Answer 1:
There are many ideas but nothing proved about
these basic questions. If one accepts the
multiverse idea, there is no way to go from one to
the other without going through a singularity and
that is impossible. Here is some info from
wikipedia: The multiverse (or
metauniverse) is the hypothetical set of multiple
possible universes (including the historical
universe we experience) that together comprise
everything that exists: the entirety of space,
time, matter, and energy as well as the physical
laws and constants that describe them. The term
was coined in 1895 by the American philosopher and
psychologist William James. The various universes
within the multiverse are sometimes called
parallel universes. Tegmark's
classification Cosmologist Max Tegmark has
provided a taxonomy of universes beyond the
familiar observable universe. The levels according
to Tegmark's classification are arranged such that
subsequent levels can be understood to encompass
and expand upon previous levels, and they are
briefly described below. Level I:
Beyond our cosmological horizonA generic
prediction of chaotic inflation is an infinite
ergodic universe, which, being infinite, must
contain Hubble volumes realizing all initial
conditions. Accordingly, an infinite
universe will contain an infinite number of Hubble
volumes, all having the same physical laws and
physical constants. In regard to configurations
such as the distribution of matter, almost all
will differ from our Hubble volume. However,
because there are infinitely many, far beyond the
cosmological horizon, there will eventually be
Hubble volumes with similar, and even identical,
configurations. Tegmark estimates that an
identical volume to ours should be about ten to
the ten to the 115 meters away from us (a number
larger than a googolplex). By the cosmological
principle, one assumes our Hubble volume is not
special or unique. Level II:
Universes with different physical
constants "Bubble universes", every disk is
a bubble universe (Universe 1 to Universe 6 are
different bubbles, they have physical constants
that are different from our universe), our
universe is just one of the bubbles. In the
chaotic inflation theory, a variant of the cosmic
inflation theory, the multiverse as a whole is
stretching and will continue doing so forever, but
some regions of space stop stretching and form
distinct bubbles, like gas pockets in a loaf of
rising bread. Such bubbles are embryonic level I
multiverses. Linde and Vanchurin calculated the
number of these universes to be on the scale of
101010000000.Different bubbles may experience
different spontaneous symmetry breaking resulting
in different properties such as different physical
constants.[4] This level also includes John
Archibald Wheeler's oscillatory universe theory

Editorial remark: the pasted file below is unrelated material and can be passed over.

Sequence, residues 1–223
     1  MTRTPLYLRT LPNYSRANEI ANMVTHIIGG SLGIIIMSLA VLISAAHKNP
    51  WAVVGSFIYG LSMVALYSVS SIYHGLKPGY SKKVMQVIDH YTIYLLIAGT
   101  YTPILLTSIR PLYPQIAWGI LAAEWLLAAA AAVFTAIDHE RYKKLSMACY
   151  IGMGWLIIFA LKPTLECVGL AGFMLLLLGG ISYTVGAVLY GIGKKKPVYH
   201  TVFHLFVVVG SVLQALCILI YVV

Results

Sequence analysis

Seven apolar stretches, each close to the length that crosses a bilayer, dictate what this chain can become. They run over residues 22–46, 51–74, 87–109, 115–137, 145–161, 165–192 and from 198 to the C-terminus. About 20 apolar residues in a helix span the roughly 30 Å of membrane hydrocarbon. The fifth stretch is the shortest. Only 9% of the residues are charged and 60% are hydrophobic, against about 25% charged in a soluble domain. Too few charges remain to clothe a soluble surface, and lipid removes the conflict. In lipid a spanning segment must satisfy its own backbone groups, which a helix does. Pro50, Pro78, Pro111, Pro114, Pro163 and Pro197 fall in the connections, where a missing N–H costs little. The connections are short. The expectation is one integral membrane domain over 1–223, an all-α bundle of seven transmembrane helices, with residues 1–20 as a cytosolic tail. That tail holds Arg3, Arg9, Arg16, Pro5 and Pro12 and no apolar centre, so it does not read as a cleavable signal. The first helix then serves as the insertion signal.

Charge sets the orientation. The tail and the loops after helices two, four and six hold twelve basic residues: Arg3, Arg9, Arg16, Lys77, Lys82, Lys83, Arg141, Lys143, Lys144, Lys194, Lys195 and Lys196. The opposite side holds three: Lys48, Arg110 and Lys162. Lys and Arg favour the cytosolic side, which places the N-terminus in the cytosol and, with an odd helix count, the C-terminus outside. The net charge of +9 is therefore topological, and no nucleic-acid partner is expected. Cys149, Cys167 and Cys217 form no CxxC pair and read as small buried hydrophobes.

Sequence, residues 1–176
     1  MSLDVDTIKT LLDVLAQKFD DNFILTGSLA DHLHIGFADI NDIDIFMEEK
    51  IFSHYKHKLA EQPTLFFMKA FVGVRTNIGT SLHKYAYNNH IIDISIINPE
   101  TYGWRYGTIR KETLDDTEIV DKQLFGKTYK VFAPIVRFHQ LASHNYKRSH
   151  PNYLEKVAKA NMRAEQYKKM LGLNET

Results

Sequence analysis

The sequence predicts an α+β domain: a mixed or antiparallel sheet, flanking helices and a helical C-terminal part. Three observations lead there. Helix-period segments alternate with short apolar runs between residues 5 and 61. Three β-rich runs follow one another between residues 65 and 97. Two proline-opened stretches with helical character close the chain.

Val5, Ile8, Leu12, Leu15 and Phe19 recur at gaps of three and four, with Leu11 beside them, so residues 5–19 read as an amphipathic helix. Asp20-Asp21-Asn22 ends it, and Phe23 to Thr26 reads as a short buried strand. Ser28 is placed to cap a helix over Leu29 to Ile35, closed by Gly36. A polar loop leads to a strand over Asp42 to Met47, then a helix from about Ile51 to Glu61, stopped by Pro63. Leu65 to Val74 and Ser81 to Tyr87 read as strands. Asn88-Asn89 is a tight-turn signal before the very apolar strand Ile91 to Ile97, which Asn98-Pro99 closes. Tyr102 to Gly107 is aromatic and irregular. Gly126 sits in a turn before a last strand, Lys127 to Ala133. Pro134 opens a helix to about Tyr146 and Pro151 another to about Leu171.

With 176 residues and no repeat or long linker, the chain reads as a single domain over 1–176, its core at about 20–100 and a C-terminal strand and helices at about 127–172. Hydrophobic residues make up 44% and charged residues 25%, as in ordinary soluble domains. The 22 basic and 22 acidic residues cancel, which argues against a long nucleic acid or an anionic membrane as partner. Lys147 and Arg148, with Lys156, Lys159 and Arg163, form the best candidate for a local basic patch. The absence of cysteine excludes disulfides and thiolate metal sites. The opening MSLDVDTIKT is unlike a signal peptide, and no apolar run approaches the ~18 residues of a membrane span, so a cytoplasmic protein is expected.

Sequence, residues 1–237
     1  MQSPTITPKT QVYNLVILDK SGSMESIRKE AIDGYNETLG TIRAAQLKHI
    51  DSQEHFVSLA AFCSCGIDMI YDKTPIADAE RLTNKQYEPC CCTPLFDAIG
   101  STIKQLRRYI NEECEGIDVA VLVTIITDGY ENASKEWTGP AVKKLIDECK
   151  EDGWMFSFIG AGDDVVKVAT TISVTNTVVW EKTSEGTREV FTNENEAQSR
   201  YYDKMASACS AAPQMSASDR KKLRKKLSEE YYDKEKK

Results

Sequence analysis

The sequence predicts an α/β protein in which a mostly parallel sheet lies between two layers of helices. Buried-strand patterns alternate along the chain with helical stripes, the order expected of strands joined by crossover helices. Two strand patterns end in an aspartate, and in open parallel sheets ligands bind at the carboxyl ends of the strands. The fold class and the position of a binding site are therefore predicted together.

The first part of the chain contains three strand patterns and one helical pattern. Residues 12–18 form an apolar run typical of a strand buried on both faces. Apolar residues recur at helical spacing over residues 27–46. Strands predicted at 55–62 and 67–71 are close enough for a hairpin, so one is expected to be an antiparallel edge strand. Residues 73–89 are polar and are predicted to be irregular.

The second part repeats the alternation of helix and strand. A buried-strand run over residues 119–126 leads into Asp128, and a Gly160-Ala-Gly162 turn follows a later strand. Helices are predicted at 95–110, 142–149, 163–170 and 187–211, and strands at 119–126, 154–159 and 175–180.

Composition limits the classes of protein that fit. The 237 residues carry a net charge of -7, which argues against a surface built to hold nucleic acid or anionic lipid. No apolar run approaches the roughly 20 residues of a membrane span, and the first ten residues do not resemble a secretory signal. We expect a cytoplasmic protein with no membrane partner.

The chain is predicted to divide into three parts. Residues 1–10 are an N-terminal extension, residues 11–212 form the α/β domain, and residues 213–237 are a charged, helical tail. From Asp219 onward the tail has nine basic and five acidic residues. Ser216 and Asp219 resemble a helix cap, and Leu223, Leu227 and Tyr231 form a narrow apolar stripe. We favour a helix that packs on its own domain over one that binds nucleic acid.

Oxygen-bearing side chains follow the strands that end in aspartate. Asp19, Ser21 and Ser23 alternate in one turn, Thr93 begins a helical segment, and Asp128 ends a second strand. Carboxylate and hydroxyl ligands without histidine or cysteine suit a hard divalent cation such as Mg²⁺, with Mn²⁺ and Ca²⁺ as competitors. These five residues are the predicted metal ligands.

and Lee Smolin's fecund universes
theory. Level III: Manyworlds
interpretation of quantum mechanicsHugh Everett's
manyworlds interpretation (MWI) is one of several
mainstream interpretations of quantum mechanics.
In brief, one aspect of quantum mechanics is that
certain observations cannot be predicted
absolutely. Instead, there is a range of possible
observations each with a different probability.
According to the MWI, each of these possible
observations corresponds to a different universe.
Suppose a die is thrown that contains six sides
and that the result corresponds to a quantum
mechanics observable. All six possible ways the
die can fall correspond to six different
universes. (More correctly, in MWI there is only a
single universe but after the "split" into "many
worlds" these cannot in general
interact.)[7]Tegmark argues that a level III
multiverse does not contain more possibilities in
the Hubble volume than a level III multiverse. In
effect, all the different "worlds" created by
"splits" in a level III multiverse with the same
physical constants can be found in some Hubble
volume in a level I multiverse. Tegmark writes
that "The only difference between Level I and
Level III is where your doppel gangers reside. In
Level I they live elsewhere in good old
threedimensional space. In Level III they live on
another quantum branch in infinitedimensional
Hilbert space." Similarly, all level II bubble
universes with different physical constants can in
effect be found as "worlds" created by "splits" at
the moment of spontaneous symmetry breaking in a
level III multiverse.[4] Related to the
manyworlds idea are Richard Feynman's multiple
histories interpretation and H. Dieter Zeh's
manyminds interpretation. Level IV:
Ultimate Ensemble The Ultimate Ensemble hypothesis
of Tegmark himself. This level considers equally
real all universes that can be described by
different mathematical structures. This does not
include different lowenergy physical laws not of
our observable universe. Tegmark writes that
"abstract mathematics is so general that any
Theory Of Everything (
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